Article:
Here’s how we can turn all that into good news.
Let’s start with the backstory. When hurricane Sandy came ashore on October 29th of last year, it took the lives of over one hundred people and triggered perhaps as much as $80B of damage across the Middle Atlantic and New England states. A terrible tragedy, aggravated by timing that couldn’t have been worse. The catastrophe occurred one week before a pivotal national election, and as the country’s leaders were arguing over how to best avoid the fiscal cliff. The partisan wrangling is still ongoing, but Congress somehow found the time and the heart needed to pass a $10B emergency measure around the first of the year. Yesterday the House followed with an additional $17B for immediate relief needs and another $33B bill for longer term rebuilding. The Washington Post and many other newspapers carried the story in this morning’s print edition.
That same morning paper carried this article: U.S. to face big infrastructure price woes. Ashley Halsey III was reporting on a projected $1T gap in infrastructure investments by 2020. The entire article is worth the read, but here are some excerpts:
This week’s bold warning on infrastructure comes weighted with the sort of price tag that seems abstract to many taxpayers in a nation where a financial bailout costs $500 billion, a war is $113 billion a year, the annual deficit runs to $1 trillion and recent spending cuts amount to $110 billion…
…“Infrastructure is the most important thing you never think about,” said Jim Hoecker, former chairman of the Federal Energy Regulatory Commission. “Infrastructure is a collection of critically important strategic assets, and we generally take them for granted.”
If the problem is not addressed, power outages will become more frequent, prices at the supermarket and department store will inch up, traffic will detour around bad bridges, household incomes will drop and millions of people will lose their jobs.
The challenge of rebuilding a post-World War II infrastructure at the end of its natural life — roads, bridges, the electrical grid, water and sewer systems, ports — has been well documented by myriad experts. One of the most meticulous accounts has come in a series of reports by the American Society of Civil Engineers (ASCE), which delved into each failing system to calculate not just the cost of restoration but the economic and personal price of doing too little or nothing at all.
We’re told that unless we make the needed additional investments,
“Job losses will mount annually, and by 2020 it is predicted that there will be 3.5 million fewer jobs throughout the country,”…. “The expected impact for every household in the U.S. will be an average loss of more than $3,000 per year through 2020 in disposable personal income . . . due to job cutbacks and declining business productivity.”
After that, it gets worse: “Expected loss of disposable personal income is estimated to exceed $6,000 annually from 2021 to 2040.”…
…The ASCE reports, produced by economists and engineers, have distilled the costs with the assumption that most Americans are capable of connecting the dots that lead to them. For example, the latest paper says bars and restaurants will lose $55 billion by 2020 if infrastructure needs are not met. Retailers will lose $95 billion.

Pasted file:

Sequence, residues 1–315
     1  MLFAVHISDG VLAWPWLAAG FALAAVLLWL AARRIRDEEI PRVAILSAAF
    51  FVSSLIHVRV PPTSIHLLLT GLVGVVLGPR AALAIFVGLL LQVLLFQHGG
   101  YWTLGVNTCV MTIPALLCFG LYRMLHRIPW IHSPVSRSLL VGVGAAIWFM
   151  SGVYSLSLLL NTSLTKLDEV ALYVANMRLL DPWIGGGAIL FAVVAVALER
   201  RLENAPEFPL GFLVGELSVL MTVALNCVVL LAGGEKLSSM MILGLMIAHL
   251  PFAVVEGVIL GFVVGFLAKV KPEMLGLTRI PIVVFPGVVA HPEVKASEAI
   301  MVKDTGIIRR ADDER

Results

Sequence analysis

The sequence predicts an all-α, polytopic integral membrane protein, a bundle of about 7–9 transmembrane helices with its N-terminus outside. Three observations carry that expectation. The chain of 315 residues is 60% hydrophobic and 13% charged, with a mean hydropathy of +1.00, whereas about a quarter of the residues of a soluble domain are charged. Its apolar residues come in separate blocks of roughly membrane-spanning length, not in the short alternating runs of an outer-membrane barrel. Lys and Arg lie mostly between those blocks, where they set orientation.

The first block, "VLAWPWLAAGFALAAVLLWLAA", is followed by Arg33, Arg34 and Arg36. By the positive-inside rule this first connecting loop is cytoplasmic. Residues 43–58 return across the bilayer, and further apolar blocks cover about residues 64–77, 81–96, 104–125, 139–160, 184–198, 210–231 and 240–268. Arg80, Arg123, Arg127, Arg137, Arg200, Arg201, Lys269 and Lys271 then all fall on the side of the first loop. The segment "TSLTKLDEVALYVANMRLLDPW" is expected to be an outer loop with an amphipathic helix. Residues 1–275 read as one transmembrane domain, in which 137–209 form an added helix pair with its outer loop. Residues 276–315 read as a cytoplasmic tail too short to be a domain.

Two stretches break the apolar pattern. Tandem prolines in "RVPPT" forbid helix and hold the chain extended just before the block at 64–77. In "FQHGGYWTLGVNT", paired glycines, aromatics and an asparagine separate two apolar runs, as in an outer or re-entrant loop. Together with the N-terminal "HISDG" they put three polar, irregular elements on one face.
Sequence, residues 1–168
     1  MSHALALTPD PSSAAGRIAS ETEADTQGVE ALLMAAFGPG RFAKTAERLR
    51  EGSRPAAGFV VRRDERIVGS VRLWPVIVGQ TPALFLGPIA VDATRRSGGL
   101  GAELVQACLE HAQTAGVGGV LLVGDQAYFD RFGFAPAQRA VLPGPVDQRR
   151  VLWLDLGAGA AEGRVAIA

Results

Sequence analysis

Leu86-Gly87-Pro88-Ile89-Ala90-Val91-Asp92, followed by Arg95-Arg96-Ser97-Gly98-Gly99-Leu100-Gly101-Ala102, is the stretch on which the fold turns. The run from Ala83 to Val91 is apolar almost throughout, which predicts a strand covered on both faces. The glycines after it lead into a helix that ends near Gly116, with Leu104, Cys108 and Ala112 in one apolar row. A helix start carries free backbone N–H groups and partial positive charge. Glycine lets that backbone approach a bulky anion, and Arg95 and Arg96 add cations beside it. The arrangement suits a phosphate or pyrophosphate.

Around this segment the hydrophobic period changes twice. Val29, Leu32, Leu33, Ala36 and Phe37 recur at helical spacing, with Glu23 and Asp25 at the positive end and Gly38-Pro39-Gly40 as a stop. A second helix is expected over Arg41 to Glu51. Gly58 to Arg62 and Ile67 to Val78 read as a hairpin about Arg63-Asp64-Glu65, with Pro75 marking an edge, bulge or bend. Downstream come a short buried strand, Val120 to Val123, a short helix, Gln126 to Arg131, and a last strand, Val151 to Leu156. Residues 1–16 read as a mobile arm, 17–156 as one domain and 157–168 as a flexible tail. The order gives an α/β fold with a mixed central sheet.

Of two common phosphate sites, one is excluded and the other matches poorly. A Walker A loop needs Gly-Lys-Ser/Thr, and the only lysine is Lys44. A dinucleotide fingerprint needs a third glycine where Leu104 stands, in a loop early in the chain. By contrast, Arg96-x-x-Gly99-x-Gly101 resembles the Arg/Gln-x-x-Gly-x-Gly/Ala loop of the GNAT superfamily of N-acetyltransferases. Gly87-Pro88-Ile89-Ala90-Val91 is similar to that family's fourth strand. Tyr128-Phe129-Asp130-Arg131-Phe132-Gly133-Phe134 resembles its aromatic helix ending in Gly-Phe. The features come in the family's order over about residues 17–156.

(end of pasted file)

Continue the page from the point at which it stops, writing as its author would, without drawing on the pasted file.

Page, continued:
Three things are striking about these two articles and their juxtaposition.
They are unlinked but should be. The article on U.S. infrastructure fails to mention an additional payback from such investments in the form of improved resilience to natural extremes ranging from weather, flood, and drought to earthquakes. We know from experience with Katrina and Sandy that our nation’s critical infrastructure is unacceptably fragile…far too brittle with respect to natural hazards. We can fix this by taking such extremes into account during the redesign and rebuilding of these major infrastructures. Other studies have found that building the resilience of such critical infrastructure provides a roughly 4:1 payback. By modernizing our infrastructure, we reduce the bill coming due from future disasters. Similarly, much of the Sandy supplemental, if used properly, can rebuild infrastructure not to its prior standard but to a new, more resilient one.
They are framed negatively when they could be framed positively. This is our opportunity to make Americans safer, protect businesses from disruption, and stimulate the economy by putting Americans back to work at one and the same time. Ms. Halsey’s article mentions post-World-War II construction. Immediately following the war, in part because we undertook such projects, US GDP doubled over a period of just five years.
They could have addressed explicitly another fraying critical U.S. infrastructure: Earth observations, science, and services. Our polar-orbiting weather satellites are just one launch failure away from a disastrous gap in monitoring capability. The nation’s weather radars are outdated and aging. We’re failing to make needed investments in stream gauge networks, seismic instrumentation, computers, professional education and training, the social sciences needed to translate warnings into effective public response, and much, much more. The additional good news here is that these costs represent no more than roundoff error in the size of the overall bill.
Let’s build a new America, an America that’s resilient to hazards and sees them coming.